Thinking, Our Greatest Propensity

Excerpt from Schizophrenia, Alfred J. Parker

Thinking is our greatest propensity. To be logical and consistent with our scientific development, our thinking should be upon a universal plane, despite our finite existence; we should attempt to realize the vastness and profundity of life and time, and should pattern our concept and theory or religious dogma upon a profound, universal, and eternal scale—not limited to a few hundred years' existence, for so doing would place religious theory as equal to that of a flyspeck upon the Pacific Ocean.

For time immemorial humanity has personalized and symbolized life in all is phases; each person is a microcosm of the macrocosm, i.e., an individualized universe unto oneself, composed of the finite and infinite planes, a body and a mind, the latter being the channel of consciousness to the brain cells. This channel called mind must steadily grow and unfold the channel of consciousness or wisdom, or become submerged in the throes of emotion. If this occurs, we feel rather than think, and all our thoughts and actions are illogical and confused; we fail to distinguish good from evil, and fail to find balance. It is quite apparent that there is a lack of basic thinking in this world of ours, because there is no basic plan of life showing our relationship and responsibility to our source of being and our physical existence.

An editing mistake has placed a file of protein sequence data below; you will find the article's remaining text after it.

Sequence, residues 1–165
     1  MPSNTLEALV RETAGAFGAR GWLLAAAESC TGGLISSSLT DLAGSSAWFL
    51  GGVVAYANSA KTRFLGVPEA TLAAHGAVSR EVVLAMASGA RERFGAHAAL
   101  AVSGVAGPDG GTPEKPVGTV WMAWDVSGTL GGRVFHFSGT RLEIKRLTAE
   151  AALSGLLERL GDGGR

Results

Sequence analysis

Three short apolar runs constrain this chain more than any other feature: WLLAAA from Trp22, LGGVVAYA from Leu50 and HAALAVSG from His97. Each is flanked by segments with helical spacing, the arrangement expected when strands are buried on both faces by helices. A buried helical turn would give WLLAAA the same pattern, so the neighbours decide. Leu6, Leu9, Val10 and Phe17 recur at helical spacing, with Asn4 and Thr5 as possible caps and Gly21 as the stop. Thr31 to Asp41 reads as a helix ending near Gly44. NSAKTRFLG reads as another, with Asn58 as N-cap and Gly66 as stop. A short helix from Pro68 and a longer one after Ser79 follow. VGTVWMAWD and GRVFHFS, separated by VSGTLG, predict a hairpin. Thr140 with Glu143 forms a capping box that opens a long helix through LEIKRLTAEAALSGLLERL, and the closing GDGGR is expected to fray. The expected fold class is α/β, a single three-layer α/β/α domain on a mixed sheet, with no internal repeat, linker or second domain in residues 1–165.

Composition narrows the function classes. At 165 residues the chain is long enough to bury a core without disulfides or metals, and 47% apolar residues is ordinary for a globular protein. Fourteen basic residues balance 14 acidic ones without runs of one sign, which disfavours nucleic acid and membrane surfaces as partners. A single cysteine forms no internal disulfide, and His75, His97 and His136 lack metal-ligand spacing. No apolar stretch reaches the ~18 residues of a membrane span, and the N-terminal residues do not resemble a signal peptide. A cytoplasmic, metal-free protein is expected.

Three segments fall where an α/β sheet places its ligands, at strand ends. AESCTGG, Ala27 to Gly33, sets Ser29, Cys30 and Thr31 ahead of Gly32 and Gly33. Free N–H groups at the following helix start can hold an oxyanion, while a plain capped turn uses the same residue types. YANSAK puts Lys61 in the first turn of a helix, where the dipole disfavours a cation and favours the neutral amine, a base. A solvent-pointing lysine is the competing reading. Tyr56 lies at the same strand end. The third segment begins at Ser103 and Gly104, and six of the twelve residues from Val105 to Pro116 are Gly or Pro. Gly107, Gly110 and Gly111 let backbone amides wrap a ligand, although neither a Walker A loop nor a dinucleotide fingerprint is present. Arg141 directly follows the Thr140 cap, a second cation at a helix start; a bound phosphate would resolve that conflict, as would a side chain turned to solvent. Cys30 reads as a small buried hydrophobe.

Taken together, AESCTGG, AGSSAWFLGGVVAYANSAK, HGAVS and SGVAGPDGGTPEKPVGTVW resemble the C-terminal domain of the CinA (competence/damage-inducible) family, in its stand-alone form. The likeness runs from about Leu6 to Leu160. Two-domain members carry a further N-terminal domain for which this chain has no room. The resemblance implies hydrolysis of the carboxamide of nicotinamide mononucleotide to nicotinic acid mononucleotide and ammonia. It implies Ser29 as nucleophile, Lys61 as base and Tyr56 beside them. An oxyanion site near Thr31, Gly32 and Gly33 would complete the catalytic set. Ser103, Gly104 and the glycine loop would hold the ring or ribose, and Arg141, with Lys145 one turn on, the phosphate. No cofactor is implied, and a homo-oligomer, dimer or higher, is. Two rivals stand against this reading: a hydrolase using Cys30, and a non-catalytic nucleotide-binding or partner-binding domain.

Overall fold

It seems strange that science has not learned to connect the alphabet and mathematics with human mind and thinking. How could we create conscious thinking without having symbols through which to think? Not that the letters of the alphabet are Consciousness in its greatest essence, but how can a musician produce harmony on a piano without a keyboard of language and mathematical tension through the strings?

Thought for the Day